Cuomo Begs Rich New Yorkers to Return to Economy-Ravaged City: 'I'll Buy You a Drink'
Around 20,000 of New York City’s rich escaped the city
Democratic New York Gov. Andrew Cuomo has pleaded with wealthy former residents of New York City to return as the state reels from the aftermath of the coronavirus pandemic.
“I literally talk to people all day long who are now in their Hamptons house who also lived here, or in their Hudson Valley house, or in their Connecticut weekend house, and I say, ‘You got to come back!'” Cuomo told reporters.
“‘We’ll go to dinner! I’ll buy you a drink! Come over, I’ll cook!'”
Around 420,000 of New York City’s rich escaped the city as it became a hotbed for the coronavirus pandemic earlier this year.
The city reported 223,000 cases and 19,000 confirmed deaths, local data revealed.
There is also an escalating crime problem.
Since the death of George Floyd, New York has seen a massive spike in violent crime under Mayor de Blasio's watch.
In June alone, there was a 130% increase in shootings, a 118% increase in robberies, and a 30% increase in murders, according to the New York Police Department.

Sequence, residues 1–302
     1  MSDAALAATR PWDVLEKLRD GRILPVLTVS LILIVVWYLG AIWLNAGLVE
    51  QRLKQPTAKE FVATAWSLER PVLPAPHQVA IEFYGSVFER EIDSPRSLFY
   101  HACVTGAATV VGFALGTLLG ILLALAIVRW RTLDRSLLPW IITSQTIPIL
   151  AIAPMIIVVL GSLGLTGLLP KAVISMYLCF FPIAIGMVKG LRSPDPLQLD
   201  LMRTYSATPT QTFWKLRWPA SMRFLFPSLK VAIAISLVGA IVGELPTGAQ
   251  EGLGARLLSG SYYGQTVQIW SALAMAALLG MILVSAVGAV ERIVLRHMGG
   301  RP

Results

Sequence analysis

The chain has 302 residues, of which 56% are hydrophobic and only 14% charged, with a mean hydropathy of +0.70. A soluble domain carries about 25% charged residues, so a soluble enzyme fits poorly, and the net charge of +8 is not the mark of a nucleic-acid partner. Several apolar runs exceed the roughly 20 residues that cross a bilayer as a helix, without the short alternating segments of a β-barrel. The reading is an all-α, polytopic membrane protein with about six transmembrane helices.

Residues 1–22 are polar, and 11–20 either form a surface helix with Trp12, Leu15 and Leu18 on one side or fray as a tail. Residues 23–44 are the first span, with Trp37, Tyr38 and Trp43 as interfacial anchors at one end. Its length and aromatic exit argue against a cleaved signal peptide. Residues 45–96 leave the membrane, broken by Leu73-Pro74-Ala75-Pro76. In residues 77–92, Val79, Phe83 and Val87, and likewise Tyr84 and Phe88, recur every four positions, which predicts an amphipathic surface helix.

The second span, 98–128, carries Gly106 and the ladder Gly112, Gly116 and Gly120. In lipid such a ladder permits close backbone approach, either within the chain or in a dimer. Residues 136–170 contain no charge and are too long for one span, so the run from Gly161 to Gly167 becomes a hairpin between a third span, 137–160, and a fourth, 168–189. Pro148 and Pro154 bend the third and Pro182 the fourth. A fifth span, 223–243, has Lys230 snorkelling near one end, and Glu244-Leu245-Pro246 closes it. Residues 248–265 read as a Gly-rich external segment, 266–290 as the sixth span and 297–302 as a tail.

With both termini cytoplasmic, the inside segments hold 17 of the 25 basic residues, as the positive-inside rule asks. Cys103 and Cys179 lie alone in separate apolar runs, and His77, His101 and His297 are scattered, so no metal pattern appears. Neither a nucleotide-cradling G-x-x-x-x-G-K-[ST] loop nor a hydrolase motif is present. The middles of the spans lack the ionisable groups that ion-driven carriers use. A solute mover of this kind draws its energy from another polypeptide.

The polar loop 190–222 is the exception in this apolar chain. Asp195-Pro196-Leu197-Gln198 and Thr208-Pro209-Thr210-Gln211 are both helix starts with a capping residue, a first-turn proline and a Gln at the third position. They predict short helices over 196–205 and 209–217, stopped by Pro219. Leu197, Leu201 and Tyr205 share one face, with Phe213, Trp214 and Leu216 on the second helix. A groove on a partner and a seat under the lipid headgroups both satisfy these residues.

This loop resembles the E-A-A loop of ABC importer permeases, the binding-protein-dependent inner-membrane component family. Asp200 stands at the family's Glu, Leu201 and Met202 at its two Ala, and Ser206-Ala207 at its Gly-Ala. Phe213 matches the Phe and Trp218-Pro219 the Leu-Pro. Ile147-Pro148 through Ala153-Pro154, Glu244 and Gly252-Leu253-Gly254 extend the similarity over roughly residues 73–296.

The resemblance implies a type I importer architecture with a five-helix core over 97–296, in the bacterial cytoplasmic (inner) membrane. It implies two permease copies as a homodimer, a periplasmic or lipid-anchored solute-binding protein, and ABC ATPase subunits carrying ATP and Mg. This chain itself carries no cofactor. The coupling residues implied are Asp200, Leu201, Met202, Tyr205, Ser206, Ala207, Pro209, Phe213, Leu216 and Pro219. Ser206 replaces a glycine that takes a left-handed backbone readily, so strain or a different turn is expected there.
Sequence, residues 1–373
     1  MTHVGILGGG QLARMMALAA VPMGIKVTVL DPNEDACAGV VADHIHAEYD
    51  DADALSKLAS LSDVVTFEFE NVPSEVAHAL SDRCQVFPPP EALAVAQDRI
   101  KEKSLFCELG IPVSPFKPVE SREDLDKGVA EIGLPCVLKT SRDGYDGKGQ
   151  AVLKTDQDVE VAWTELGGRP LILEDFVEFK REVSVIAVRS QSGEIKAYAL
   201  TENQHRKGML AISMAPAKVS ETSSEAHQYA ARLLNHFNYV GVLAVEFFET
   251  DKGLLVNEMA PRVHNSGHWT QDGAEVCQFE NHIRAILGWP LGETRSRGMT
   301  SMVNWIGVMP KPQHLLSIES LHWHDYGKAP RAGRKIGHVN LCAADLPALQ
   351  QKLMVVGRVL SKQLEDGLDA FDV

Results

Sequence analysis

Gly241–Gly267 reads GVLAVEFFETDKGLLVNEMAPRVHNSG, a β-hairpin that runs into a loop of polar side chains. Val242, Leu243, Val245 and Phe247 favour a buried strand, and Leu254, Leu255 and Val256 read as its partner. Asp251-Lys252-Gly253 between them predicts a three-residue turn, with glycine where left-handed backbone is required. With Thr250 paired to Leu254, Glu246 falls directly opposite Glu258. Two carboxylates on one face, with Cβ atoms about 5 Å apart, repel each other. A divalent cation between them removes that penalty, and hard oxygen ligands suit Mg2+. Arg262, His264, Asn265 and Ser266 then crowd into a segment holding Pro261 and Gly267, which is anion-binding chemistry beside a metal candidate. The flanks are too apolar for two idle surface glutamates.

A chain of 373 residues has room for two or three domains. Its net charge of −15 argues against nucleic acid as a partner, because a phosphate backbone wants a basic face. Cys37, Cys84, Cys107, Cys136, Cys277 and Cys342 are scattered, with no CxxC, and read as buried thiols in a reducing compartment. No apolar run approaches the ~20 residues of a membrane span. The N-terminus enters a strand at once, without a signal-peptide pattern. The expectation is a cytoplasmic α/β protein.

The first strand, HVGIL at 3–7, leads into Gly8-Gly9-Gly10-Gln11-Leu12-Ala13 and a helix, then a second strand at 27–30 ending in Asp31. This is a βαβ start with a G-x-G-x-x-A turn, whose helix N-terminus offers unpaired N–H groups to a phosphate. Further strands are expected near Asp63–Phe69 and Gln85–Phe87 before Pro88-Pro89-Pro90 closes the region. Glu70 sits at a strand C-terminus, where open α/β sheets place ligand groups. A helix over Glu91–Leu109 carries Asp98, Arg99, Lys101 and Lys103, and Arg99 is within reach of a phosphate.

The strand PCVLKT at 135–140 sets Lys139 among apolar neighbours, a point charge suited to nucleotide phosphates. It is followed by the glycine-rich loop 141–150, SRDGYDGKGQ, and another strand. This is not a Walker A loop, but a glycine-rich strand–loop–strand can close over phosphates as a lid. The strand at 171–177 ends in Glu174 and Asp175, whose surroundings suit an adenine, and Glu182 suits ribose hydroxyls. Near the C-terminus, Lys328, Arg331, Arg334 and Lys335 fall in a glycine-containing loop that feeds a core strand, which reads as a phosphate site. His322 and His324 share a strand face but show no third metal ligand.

State Comptroller Tom DiNapoli said state tax receipts in June fell by $1.5 billion or 17.3%, compared to 2019.
Meanwhile, consumption tax revenues sank $1.1 billion while business tax revenues declined by $700 million, the New York Post reported.
Cuomo admitted he did not want to raise taxes for fear of disincentivizing wealthy New Yorkers from returning.
“They’re not coming back right now. And you know what else they’re thinking?" Cuomo asked.
"‘If I stay there, I’ll pay a lower income tax,’ because they don’t pay the New York City surcharge,” he told reporters.
In June, de Blasio authorized substantial cuts after the city faced a nearly $9 billion budget deficit earlier this year, The New York Times reported.
Last year, de Blasio promised he would "raise taxes" on wealthy Americans while he was running for president.
But since dropping out, the New York Mayor has overseen what has been described as a "return to the bad old days" in the city.
President of the New York City Police Benevolent Association, Patrick J. Lynch, torched Mayor Bill de Blasio for the surge in violent gun crime, saying they have "given our streets back" to criminals.
"Our city council, our mayor's office, and the state legislature have handcuffed police officers and given the street back to the criminals," Lynch told Fox News's Lawrence Jones on "Hannity."
"Remember just a few short years ago; the city was out of control," Lynch said.
"Police officers literally took our street corners back block-by-block because our leadership asked us to, and we presented the neighborhoods back to the good, hardworking people that were in them."